Abstract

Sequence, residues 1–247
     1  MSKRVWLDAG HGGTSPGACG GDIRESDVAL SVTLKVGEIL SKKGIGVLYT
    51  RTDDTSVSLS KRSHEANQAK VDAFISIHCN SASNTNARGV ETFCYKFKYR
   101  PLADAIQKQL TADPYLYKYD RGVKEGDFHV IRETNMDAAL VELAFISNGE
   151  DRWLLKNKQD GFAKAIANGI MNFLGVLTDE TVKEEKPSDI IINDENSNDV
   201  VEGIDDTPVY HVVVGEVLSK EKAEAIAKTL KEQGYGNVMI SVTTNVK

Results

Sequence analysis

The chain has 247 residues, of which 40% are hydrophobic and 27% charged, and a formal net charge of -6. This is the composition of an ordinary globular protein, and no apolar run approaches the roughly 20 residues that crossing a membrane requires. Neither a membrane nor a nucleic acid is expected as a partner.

The Ontario Geological Survey and Canada Centre for Remote Sensing have developed methods for engineering geology terrain analysis using digital elevation models (DEMs) and remotely sensed imagery for remote areas within the boreal forest region of the Canadian Shield. Traditional methods of terrain analysis would be expensive because of the limited access and the vast area involved. Four main components of the terrain are considered: material, landform, relief, and regional drainage conditions. Landform (roughness) and relief are derived automatically from an analysis of a detailed hydrological-conditioned DEM. Regional drainage conditions are estimated from RADARSAT imagery with a mask based on the use of aspect and slope to limit the effects of topography on backscatter. Various types of analysis of LANDSAT imagery are then combined with all the above digital data layers to interpret material type. An automated method that first determines the relationships of the various layers of digital information in areas of known terrain conditions and then predicts terrain conditions in adjacent unmapped areas, is discussed.

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